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This plant is considered to be a cardiac glycoside. Your horse will become very sick and death is likely to occur if left untreated. Even with treatment, your horse has a high risk of developing cardiac problems that can be permanent if your horse recovers from autumn crocus poisoning.
Autumn crocus, also known as Naked Ladies or Meadow Saffron, is a part of the lily family. They grow from a bulb and their leaves can grow up to a foot tall. Their stalks will generally have white, purple or pink flowers. Autumn crocus can grow abundantly in the wild and as soon as you notice them near your horse’s grazing area or any area where your horse has access, remove it immediately. The entire plant is extremely toxic to all equines.
Your horse should begin showing symptoms within three to six hours after ingesting any part of the plant. If you see your horse eating autumn crocus, contact your veterinarian immediately for an emergency visit. Even if you are unsure if what your horse has eaten, call your veterinarian and if possible collect a sample of the plant they ingested. Symptoms to watch for include:
Autumn crocus is a cardiac glycoside and all parts of the plant, leaves, stems, berries and roots, contain toxic compounds. The most toxic part of the plant is the bulb that is found underground. The main toxin contained in autumn crocus is the alkaloid colchicines.
Many people plant autumn crocus as an ornamental plant in their gardens. When deciding to use this plant on your property, place it far from your horse’s grazing area and barn. Any unplanted bulbs should be kept out of reach of all animals and children. Once you have planted autumn crocus on your property, remain diligent in walking your horse’s pasture and getting rid of any rogue plants that have migrated.
When you think your horse has ingested autumn crocus or has been poisoned in some way, immediately contact your veterinarian. Before your veterinarian arrives, make notes about the symptoms that have presented, when the symptoms appeared and what your horse was doing at the time. Collect samples of their grain, hay and also any suspicious plants in their pasture.
Once your veterinarian arrives, go through your notes with them and discuss what you have witnessed. Your veterinarian will then conduct a full physical examination of your horse. They may pay close attention to your horse’s mouth, looking for any remnants of what your horse may have eaten.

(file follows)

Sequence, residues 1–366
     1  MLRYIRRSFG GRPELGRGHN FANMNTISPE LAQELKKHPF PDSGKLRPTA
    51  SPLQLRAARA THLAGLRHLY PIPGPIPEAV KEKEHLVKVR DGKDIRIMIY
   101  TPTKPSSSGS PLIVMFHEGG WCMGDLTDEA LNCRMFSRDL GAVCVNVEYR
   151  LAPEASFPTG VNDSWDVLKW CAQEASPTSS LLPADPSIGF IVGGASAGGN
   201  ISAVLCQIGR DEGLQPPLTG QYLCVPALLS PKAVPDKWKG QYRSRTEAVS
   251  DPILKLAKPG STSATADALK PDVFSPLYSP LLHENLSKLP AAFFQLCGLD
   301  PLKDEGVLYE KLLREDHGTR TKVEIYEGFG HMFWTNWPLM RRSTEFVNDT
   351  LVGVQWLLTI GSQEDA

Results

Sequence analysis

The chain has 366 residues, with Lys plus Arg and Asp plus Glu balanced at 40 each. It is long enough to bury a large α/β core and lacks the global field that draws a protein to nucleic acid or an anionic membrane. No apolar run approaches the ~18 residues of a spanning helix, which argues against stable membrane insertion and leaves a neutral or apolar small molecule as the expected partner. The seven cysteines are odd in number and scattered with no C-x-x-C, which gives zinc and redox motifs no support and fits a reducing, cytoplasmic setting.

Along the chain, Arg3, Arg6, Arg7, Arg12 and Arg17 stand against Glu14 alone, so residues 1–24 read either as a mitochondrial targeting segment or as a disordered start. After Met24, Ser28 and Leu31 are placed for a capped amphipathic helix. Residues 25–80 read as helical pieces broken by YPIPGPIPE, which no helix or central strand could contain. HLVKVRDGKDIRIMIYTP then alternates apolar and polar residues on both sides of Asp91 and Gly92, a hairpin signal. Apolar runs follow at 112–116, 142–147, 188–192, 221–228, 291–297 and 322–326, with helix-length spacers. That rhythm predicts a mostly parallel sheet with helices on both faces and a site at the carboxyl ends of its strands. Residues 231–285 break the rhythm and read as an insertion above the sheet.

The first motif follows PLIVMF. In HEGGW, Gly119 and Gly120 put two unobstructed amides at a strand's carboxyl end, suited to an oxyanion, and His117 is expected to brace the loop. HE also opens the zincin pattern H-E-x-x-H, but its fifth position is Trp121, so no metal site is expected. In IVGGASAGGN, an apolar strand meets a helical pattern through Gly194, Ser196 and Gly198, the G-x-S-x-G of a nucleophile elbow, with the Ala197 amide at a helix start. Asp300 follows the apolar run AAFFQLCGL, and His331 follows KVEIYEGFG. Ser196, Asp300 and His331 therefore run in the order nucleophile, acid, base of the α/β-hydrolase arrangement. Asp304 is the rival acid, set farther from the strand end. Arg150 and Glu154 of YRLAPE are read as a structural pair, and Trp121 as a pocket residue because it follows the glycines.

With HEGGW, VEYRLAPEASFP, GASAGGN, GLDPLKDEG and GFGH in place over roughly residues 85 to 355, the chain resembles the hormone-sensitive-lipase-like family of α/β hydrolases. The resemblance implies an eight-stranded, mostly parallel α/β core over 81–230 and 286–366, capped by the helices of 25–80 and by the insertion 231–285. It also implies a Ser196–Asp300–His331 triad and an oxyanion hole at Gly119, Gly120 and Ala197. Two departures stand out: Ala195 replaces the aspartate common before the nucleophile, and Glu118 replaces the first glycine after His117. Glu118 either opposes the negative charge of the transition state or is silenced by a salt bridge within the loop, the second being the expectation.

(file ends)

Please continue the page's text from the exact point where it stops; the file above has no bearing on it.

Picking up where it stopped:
The clinical symptoms that your horse is suffering from will tell your veterinarian that they have eaten something toxic. The next step is to pinpoint what your horse ate to make them so sick. A fecal exam, urinalysis, and complete blood count will need to be completed in order for your veterinarian to conclusively diagnose autumn crocus poisoning in your horse.
Due to the nature of autumn crocus poisoning, your horse will most likely need to be admitted into the veterinary hospital so supportive care can begin. The main goal of being hospitalized is to keep your horse hydrated and calm. The symptoms will be treated as they present since there is no set antidote for autumn crocus poisoning in horses.
Since autumn crocus plants are cardiac glycosides, your horse should not be overly stressed to reduce the risk of their heart having a fatal disturbance. Your horse will have an IV inserted to make it less stressful to administer medications. The exception to this is when your veterinarian orders activated charcoal or magnesium sulfate to be administered; these medications must be given by mouth.
Your veterinarian will probably prescribe activated charcoal and/or magnesium sulfate in an initial large dose, based on your horse’s body weight. Activated charcoal is effective in absorbing and binding plant toxins that are still in your horse’s stomach. Magnesium sulfate is used for treating ventricular arrhythmias and will help keep your horse from going into cardiac arrest.
Depending on your horse’s cardiac tests, anti-arrhythmic drugs may be prescribed. These are used to regulate any cardiac irregularities to keep your horse from experiencing cardiac arrest or ending up with long term heart problems from autumn crocus poisoning.
Waiting to seek medical treatments will result in your horse’s death. By seeking medical attention quickly, your horse’s prognosis will be guarded but hopeful. Once your horse begins treatments, your veterinarian will be able to give you a better estimate of recovery time and any long term effects that will hinder your horse’s ability to live a normal life.
Preventing autumn crocus poisoning is a simple matter of pasture maintenance. Walk through your horse’s pasture often and look for potentially poisonous plants. When you locate plants that can harm your horse remove your horse from the pasture and then eradicate the poisonous plant from the pasture.
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